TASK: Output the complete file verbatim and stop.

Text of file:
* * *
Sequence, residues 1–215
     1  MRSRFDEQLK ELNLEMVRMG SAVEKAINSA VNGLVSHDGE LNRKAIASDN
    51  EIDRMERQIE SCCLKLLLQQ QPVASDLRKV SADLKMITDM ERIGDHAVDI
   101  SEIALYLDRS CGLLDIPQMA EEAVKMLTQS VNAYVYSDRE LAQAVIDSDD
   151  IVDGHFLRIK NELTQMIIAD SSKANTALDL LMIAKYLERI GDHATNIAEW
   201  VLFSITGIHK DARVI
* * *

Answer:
Sequence, residues 1–215
     1  MRSRFDEQLK ELNLEMVRMG SAVEKAINSA VNGLVSHDGE LNRKAIASDN
    51  EIDRMERQIE SCCLKLLLQQ QPVASDLRKV SADLKMITDM ERIGDHAVDI
   101  SEIALYLDRS CGLLDIPQMA EEAVKMLTQS VNAYVYSDRE LAQAVIDSDD
   151  IVDGHFLRIK NELTQMIIAD SSKANTALDL LMIAKYLERI GDHATNIAEW
   201  VLFSITGIHK DARVI